Do I patch or can I trim on top?


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Old 08-12-17, 05:47 PM
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Do I patch or can I trim on top?

Hi there,
I hired a guy to do my bathroom and he really screwed up so I'm trying to undo the damage and finish it up myself.

He had done a horrible job on the tile baseboards in the bathroom so I decided to take them off and replace them with regular wooden baseboards.

He had used glue/mortar to put the baseboards on. After prying them off, I'm left with what you see in the images.

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My question is, what is the best course of action. Should I be removing the drywall in the baseboard area, replacing it, and then putting baseboards on top. Or can I just clean up what exists without cutting out the drywall and putting baseboards on top of damaged drywall. Considering the drywall will be covered with baseboard, does it really matter what condition it's in?

Thanks
 
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Old 08-12-17, 08:20 PM
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Your baseboard will cover most of it, but the torn paper in the top picture should be primed with an oil primer then coated with joint compound and sanded smooth. Remove any glue that sticks out 1/8" by chipping it off with a chisel.
 
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Old 08-12-17, 09:04 PM
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I agree your main problem is the exposed raw paper.

There's a primer called GARDZ if it's available in your area. The primer is very thin and kind of glues down and seals the paper.
Once the paper is sealed you can then skim coat the torn paper with a wide knife.
Caulk the top of the baseboard and it will look like new.
 
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Old 08-12-17, 10:00 PM
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Ive done a new and old drywall repair for 30 years and never used any type of primer in a situation like this, torn or not, and never had an issue.

Primers is needed afterwards but not for the skim coat.
 
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Old 08-12-17, 10:37 PM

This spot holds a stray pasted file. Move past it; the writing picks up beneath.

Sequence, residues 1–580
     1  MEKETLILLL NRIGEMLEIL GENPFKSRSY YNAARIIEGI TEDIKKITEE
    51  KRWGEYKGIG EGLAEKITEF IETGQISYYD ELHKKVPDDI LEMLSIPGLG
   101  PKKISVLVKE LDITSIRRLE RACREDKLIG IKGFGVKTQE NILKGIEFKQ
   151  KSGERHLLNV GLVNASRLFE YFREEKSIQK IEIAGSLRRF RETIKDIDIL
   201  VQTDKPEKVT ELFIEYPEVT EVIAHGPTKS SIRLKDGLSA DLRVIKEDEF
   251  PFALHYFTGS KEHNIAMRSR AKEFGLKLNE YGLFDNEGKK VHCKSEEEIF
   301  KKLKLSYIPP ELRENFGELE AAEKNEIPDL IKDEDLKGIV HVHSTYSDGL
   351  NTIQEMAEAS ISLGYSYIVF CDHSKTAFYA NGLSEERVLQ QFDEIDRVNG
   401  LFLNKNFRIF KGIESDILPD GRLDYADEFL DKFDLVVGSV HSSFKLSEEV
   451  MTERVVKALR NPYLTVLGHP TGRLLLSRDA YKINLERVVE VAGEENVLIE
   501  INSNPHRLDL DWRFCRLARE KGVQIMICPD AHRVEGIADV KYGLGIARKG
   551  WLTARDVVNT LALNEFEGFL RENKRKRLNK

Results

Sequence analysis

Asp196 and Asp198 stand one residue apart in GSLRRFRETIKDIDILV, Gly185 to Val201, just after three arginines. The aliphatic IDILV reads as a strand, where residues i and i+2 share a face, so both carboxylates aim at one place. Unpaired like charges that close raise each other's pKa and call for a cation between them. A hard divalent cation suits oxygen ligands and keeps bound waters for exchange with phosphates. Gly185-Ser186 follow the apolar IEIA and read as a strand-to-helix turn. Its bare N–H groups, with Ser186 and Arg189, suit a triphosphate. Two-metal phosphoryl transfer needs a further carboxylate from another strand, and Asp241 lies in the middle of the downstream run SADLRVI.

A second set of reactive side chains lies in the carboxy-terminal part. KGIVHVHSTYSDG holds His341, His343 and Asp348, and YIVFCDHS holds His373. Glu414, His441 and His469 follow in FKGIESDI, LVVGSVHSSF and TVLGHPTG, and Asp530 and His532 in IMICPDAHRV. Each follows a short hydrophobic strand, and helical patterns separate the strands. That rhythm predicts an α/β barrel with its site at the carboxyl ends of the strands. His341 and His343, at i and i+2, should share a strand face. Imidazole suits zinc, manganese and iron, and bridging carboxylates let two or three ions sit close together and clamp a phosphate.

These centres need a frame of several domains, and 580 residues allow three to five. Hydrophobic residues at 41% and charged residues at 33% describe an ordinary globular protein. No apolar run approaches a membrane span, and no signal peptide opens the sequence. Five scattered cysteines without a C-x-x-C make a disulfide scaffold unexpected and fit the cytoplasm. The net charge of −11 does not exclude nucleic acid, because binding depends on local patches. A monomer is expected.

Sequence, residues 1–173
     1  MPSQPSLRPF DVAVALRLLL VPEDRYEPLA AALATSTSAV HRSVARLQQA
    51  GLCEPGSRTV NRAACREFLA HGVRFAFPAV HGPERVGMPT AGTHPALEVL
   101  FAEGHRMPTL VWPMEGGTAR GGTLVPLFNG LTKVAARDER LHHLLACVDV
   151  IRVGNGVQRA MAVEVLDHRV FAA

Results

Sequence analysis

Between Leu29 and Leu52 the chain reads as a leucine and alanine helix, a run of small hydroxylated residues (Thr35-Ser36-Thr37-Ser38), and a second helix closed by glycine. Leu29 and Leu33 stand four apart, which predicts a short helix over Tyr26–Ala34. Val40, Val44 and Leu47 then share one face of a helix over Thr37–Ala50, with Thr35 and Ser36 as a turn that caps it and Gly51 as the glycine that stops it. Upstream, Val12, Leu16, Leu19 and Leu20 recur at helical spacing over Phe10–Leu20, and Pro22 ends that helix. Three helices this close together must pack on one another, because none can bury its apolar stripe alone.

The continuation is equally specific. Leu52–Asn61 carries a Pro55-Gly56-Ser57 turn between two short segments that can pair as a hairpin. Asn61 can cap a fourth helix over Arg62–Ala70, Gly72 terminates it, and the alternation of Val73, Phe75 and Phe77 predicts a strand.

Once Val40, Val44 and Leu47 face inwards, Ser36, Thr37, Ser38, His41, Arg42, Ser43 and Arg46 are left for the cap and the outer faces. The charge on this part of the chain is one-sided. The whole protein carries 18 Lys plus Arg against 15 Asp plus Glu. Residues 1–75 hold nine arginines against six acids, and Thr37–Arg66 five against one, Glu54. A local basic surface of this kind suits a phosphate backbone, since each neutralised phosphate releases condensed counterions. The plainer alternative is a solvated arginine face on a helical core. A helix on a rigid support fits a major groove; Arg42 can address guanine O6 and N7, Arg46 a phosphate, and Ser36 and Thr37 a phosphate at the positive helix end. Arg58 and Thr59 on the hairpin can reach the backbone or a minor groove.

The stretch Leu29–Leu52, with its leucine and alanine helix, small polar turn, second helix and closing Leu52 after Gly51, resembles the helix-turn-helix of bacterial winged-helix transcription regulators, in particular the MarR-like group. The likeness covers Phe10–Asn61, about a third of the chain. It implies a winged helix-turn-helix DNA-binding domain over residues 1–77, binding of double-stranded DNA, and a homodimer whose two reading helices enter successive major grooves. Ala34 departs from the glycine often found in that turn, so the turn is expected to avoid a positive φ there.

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30 years is a long time.
No primer is OK as long as you are not getting bubbles, and even then you can cut the bubbles out and recoat/sand lightly.
 
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Old 08-13-17, 02:23 AM
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Priming the torn areas with Gardz or an oil base primer first insures that the moisture in the joint compound or latex primer won't cause the surrounding paper to lift off of the drywall. Sometimes you get lucky but I'd rather be safe.
 
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Old 08-13-17, 05:05 AM
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What Marq says is what I've done on several occasions and never had a problem. However, I would recommend what Marksr and Brian say.
 
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Old 08-13-17, 07:51 AM
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Ever since finding Gardz I am a believer and use it religiously on repairs involving torn paper. It takes overnight to dry completely, but has saved countless headaches with bubbling paper from joint compound. Prior to this, I usually recommended cutting out the drywall and adding new as it was easier to redo than to piddle with the paper bubbles.
 
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Old 08-13-17, 07:16 PM
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Thank you all for your comments. I'm glad that I don't have to cut out the drywall and patch it up.
 
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Old 08-14-17, 07:49 AM
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One more vote to seal any exposed gypsum with Gardz or oil based primer first. If the paper is intact, no primer is needed before applying joint compound.
 
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Old 08-14-17, 12:10 PM
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One more point about the Gardz. It also improves adhesion of the mud over semi-gloss paint.
 
 

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